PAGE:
I don't soak the beans first. They are put right into the jars after I rinse and sort them in a strainer. The beans will expand during and after processing, but they taste great because they are cooked in the jar with all the seasonings. You should be able to use any broth you want, I have used pork bouillion in my pressured pork and beans and it tasted really good.
 

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Rebelicious
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DixieNC, My husband and I made some of your beans yesterday and canned them. We got 18 pints of them. The funny this is, I soaked 5 pounds of the dry ones overnight. My word I had bunches of beans. We canned the 18 pints and we ate some for dinner that night and DH flipped out over them. THEN he ate a WHOLE PLATE full today for lunch! I'm serious! He kept saying, man those are so good! I was laughing at him for getting a WHOLE PLATE full for lunch after eating them for dinner last night. But anyway I still have more in the fridge I plan on making something out of tomorrow. lol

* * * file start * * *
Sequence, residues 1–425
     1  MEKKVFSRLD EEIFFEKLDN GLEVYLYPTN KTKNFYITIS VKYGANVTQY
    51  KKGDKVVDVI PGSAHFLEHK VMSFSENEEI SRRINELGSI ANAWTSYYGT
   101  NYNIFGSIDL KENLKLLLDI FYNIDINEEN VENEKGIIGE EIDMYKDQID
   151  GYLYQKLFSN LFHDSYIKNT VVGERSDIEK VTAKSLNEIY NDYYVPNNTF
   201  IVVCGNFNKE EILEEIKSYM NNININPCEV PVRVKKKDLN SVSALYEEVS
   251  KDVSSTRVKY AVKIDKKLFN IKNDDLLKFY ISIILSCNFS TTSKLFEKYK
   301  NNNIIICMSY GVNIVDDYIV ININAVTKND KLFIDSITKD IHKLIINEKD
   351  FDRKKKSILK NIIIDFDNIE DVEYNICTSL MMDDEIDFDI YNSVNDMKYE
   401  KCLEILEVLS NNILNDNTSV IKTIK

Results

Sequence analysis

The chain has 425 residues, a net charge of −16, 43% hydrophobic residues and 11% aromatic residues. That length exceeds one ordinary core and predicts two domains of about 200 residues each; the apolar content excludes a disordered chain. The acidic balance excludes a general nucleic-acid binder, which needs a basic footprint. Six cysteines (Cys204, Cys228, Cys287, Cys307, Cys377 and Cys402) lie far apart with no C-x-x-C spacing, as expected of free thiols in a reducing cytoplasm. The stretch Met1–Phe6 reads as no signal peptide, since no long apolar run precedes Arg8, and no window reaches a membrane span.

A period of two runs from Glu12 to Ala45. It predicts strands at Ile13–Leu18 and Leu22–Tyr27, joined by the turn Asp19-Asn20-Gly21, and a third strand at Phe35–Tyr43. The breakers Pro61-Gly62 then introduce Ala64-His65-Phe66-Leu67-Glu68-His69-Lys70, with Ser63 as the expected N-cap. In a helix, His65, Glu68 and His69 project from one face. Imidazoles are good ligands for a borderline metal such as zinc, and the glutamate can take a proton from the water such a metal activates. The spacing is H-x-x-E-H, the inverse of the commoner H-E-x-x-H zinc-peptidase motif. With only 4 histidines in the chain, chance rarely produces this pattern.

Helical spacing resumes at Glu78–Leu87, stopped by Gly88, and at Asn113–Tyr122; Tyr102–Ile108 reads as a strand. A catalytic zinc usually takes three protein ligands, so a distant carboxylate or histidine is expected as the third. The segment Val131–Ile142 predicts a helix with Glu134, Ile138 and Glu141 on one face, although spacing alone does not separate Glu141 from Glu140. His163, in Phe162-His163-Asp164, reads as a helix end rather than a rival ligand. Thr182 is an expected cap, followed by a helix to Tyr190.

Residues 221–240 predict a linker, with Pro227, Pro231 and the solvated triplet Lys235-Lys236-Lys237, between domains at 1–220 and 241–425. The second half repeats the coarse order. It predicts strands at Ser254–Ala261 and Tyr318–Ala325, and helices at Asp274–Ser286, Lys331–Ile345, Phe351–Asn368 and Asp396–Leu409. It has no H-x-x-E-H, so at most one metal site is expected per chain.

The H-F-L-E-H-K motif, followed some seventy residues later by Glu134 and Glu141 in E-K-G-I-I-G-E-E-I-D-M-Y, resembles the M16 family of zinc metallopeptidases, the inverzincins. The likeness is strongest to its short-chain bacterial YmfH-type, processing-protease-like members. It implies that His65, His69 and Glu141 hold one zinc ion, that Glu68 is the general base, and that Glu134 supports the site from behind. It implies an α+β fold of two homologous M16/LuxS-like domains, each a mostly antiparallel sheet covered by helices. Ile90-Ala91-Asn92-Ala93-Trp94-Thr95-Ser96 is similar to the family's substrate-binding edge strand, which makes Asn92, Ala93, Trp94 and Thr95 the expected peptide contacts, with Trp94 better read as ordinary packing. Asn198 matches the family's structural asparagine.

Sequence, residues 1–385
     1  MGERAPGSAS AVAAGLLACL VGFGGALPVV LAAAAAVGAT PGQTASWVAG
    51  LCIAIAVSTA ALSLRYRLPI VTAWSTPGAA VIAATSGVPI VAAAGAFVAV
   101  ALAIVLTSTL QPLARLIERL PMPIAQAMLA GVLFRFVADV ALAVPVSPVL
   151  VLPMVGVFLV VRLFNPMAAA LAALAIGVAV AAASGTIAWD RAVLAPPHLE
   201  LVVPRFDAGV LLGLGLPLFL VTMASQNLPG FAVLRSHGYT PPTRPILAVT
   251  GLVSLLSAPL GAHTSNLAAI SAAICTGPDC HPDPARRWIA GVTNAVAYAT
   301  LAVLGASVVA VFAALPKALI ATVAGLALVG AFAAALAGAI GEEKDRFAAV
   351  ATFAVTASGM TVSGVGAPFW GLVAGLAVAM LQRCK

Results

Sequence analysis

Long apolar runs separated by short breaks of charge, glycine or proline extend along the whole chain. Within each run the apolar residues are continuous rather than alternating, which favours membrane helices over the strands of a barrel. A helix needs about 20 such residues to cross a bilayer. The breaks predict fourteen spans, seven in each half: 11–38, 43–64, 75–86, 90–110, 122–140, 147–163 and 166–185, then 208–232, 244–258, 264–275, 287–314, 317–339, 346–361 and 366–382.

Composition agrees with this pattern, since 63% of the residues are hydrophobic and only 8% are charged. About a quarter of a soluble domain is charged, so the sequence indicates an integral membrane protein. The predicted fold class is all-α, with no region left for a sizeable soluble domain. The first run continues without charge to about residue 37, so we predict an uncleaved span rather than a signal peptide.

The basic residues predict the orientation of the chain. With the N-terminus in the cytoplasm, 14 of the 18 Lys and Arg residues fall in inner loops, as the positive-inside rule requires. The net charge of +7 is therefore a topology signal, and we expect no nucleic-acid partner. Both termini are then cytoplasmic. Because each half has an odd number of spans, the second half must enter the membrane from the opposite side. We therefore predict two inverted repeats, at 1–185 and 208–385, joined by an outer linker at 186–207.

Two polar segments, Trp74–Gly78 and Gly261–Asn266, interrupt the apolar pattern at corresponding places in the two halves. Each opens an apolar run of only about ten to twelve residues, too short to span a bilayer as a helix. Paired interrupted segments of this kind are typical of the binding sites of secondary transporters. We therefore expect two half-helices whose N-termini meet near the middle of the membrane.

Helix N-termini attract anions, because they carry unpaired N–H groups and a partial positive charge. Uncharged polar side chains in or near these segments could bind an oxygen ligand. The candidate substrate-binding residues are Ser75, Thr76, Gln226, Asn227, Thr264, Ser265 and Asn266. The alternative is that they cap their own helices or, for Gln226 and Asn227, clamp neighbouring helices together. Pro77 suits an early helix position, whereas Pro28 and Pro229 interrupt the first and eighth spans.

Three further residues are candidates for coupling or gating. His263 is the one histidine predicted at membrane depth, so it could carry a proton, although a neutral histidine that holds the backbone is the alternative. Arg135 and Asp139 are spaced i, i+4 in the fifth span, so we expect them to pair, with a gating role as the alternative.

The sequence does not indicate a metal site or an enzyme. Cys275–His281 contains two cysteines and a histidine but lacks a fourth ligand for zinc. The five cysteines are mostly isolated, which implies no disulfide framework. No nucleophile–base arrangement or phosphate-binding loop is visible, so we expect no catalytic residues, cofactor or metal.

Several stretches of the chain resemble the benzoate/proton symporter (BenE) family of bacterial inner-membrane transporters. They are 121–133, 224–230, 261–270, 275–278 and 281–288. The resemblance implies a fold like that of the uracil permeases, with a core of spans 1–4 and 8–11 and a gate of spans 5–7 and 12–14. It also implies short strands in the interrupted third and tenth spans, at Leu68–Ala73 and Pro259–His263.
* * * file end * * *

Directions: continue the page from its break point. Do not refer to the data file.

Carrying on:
Glad to hear ya'll like them! There a big thing in our house, the kids eat em up every chance they get.:cowboy:
 

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I do as is stated here, however, I do soak mine over night, then w/ the pintos I cook for 30 min and season. Then I precess for the time required... it makes them into mush (refried) beans... very tasty!!
 

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Can anyone tell me if it's okay to mix types of beans in this recipe, like pinto's and kidney beans?
TIA,
Mickey